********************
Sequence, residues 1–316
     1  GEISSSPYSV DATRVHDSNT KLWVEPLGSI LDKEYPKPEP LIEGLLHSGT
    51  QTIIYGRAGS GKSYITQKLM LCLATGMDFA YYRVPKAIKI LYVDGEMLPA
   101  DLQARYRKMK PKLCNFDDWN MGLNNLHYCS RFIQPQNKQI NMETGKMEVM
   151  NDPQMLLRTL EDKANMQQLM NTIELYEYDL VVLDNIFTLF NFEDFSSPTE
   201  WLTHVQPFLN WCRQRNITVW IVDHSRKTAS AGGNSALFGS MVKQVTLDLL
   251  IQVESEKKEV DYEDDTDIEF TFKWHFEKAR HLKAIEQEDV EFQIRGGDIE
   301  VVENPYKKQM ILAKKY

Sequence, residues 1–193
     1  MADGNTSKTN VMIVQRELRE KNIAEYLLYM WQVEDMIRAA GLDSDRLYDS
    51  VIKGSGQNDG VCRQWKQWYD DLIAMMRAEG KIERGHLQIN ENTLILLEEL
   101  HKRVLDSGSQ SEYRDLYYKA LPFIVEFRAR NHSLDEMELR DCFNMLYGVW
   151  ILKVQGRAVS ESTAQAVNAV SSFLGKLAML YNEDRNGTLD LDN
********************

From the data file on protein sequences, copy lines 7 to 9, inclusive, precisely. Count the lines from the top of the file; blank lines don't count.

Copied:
   251  IQVESEKKEV DYEDDTDIEF TFKWHFEKAR HLKAIEQEDV EFQIRGGDIE
   301  VVENPYKKQM ILAKKY

Sequence, residues 1–193